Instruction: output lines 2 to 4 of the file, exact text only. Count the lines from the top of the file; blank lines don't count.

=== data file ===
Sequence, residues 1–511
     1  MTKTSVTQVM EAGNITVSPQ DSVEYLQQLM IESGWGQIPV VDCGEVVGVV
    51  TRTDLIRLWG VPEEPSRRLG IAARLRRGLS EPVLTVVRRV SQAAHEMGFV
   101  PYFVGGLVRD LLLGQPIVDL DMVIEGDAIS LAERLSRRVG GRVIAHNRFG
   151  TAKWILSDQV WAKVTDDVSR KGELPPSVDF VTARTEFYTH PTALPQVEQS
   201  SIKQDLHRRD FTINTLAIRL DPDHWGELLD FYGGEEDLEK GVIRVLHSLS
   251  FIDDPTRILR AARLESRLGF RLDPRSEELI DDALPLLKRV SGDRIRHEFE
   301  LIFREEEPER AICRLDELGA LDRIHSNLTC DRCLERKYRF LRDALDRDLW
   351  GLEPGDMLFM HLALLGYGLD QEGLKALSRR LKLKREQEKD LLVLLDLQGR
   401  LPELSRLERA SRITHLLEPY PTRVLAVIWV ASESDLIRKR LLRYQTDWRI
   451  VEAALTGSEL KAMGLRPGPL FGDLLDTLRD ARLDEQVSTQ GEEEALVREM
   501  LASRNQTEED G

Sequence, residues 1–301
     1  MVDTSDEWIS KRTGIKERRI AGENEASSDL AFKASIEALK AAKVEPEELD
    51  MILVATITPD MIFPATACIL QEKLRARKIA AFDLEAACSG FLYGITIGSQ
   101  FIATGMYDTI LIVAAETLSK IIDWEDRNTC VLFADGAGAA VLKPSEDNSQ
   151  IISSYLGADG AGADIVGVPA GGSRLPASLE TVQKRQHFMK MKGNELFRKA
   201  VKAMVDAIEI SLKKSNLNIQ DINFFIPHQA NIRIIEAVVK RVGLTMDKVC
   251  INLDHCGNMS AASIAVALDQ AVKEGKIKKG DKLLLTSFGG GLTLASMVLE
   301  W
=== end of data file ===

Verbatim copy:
     1  MTKTSVTQVM EAGNITVSPQ DSVEYLQQLM IESGWGQIPV VDCGEVVGVV
    51  TRTDLIRLWG VPEEPSRRLG IAARLRRGLS EPVLTVVRRV SQAAHEMGFV
   101  PYFVGGLVRD LLLGQPIVDL DMVIEGDAIS LAERLSRRVG GRVIAHNRFG